So I’m out walking in the beautiful spring sunshine and I pass a church that has a large empty parking lot with a sign that says “No Parking.” As I turn the corner, I see the official church sign that states “Everyone is Welcome.”
The incongruity between these beacons to the public makes me chuckle a bit because I had just come from a nationwide mission consultation at which we, as church leaders, were asked, “How do Mennonite Church Canada congregations deal with big questions such as, ‘What does mission mean for local congregations in Canada in 2019?’ ‘What does it mean for the regional churches of Canada to support that mission?’ ‘What does it mean for MC Canada to nurture the mission impulse that resides in people of faith?’ ‘What does international mission mean in a global context?’ ”
Jared Siebert of New Leaf Network challenged us with some current statistics revealing how few Canadians regularly attend worship services of any kind. These statistics also indicate that the fastest growing religious population in our country is, “I do not ascribe to religion.”
He had us consider the gardening imagery found in I Corinthians 3:5-7: “What then is Apollos? What is Paul? Servants through whom you came to believe, as the Lord assigned to each. I planted, Apollos watered, but God gave the growth.”
The challenge is found when growth doesn’t happen. In our Canadian context, growth is not happening. How then do we think about our role? Do we need to water more? Do we need to plant in a different space? How do we think about God’s role?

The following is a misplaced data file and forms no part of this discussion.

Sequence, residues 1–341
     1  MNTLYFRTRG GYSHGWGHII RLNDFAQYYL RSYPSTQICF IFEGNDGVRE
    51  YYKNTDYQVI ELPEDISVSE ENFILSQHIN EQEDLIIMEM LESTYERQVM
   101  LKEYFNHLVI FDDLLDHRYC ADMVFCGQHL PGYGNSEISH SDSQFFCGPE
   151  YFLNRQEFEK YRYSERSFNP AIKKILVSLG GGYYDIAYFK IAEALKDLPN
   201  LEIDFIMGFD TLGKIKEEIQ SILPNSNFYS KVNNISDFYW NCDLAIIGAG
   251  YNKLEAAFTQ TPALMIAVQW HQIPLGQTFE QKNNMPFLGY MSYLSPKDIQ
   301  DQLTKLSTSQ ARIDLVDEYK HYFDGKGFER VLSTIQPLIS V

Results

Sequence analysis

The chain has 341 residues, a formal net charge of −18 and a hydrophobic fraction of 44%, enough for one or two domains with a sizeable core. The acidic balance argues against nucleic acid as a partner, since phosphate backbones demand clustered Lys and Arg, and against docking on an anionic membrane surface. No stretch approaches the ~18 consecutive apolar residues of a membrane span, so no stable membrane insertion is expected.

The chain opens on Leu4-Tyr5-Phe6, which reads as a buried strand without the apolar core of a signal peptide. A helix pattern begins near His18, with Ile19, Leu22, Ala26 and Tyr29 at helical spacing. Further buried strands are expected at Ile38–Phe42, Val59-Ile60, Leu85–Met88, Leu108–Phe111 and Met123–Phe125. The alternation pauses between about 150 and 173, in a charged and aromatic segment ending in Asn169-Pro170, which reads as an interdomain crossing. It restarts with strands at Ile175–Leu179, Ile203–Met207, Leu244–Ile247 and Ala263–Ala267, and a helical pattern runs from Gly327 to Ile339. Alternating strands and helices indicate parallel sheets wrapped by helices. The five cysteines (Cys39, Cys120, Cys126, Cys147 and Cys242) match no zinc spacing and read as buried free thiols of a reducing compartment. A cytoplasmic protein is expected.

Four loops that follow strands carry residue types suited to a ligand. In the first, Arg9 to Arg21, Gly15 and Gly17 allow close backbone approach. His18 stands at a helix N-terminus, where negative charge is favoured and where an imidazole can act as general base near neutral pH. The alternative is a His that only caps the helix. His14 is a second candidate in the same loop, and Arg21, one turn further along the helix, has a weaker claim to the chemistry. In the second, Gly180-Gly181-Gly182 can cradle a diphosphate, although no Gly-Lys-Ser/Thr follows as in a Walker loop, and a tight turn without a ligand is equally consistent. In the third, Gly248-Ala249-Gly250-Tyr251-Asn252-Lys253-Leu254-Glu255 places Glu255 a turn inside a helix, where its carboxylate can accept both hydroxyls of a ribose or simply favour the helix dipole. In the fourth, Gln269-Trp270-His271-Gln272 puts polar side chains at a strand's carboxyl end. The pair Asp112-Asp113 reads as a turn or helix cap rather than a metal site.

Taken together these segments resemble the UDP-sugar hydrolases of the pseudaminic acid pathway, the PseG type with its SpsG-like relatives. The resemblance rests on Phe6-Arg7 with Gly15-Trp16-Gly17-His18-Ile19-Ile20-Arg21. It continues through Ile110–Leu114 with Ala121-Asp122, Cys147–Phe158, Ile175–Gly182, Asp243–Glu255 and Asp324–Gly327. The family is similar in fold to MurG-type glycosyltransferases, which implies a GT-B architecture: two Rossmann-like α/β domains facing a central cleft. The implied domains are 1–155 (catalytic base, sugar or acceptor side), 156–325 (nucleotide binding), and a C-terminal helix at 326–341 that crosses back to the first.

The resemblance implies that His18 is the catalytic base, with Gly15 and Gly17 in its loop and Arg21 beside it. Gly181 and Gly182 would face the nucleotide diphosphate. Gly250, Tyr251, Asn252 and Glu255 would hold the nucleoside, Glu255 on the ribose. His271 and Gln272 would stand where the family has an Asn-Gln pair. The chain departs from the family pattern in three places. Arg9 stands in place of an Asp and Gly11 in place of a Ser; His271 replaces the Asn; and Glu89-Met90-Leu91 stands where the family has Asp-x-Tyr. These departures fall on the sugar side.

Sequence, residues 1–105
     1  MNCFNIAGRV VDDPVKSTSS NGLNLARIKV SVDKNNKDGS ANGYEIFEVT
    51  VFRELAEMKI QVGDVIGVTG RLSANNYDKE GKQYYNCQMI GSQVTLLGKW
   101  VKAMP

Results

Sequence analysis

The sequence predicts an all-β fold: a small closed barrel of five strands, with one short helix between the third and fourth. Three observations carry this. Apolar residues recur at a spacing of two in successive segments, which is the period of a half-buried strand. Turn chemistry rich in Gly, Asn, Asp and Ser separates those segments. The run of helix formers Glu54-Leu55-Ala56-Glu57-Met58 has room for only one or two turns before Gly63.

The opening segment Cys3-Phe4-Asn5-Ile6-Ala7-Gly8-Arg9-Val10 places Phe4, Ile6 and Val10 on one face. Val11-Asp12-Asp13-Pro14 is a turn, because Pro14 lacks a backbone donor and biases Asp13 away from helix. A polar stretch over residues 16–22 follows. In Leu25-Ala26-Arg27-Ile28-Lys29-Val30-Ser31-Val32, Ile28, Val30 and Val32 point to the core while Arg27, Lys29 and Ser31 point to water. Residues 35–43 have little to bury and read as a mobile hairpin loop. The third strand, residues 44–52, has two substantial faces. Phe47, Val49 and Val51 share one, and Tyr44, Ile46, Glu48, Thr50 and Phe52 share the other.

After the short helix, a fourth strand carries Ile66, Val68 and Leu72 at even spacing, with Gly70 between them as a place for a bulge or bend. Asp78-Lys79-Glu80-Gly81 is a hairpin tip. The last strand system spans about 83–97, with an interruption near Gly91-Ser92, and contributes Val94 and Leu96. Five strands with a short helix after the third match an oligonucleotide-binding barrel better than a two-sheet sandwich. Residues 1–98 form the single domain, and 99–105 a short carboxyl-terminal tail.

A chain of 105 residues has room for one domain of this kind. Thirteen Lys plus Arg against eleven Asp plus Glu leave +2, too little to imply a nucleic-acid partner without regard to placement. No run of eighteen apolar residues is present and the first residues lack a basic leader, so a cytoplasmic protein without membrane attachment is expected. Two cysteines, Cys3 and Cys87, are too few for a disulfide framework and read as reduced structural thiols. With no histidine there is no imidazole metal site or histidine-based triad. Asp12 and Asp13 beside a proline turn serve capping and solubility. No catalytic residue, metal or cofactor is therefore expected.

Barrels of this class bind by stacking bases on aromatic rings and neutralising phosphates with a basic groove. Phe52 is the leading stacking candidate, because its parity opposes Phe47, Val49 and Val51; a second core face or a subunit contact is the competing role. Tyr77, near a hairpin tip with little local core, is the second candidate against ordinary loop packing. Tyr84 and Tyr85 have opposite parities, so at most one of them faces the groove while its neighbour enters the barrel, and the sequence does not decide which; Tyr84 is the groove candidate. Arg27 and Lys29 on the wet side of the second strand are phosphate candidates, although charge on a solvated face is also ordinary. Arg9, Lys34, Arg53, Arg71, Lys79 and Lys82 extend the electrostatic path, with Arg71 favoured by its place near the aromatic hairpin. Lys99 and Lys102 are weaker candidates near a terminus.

Siebert rather evocatively suggested that perhaps this is also a time to compost parts of our garden. Perhaps the parts of our garden that are not producing fruit need to return to God’s care for transformation back into fertile soil.
Another presenter, Betty Pries of Credence & Co., focused our thinking by asking, “What gift has God given to the Mennonite church?” As we discussed this around our tables, it became more and more obvious that our primary gift for mission focused around our sense of community and how that is lived out. Sometimes our community is focused on hospitality, sometimes on work together, sometimes it is found in consensus building and sometimes it is present in justice making. How does this gift affect our mission?
Throughout the weekend it was clear in our worship, conversations, presentations and many interactions that we are not simply on a mission to repopulate the church. Nor are we a people who have no hope. It was clear to me that our mission is to experience God’s love affair with the world, and to share in that gift to all that we encounter.
Ken Warkentin is executive minister of Mennonite Church Manitoba.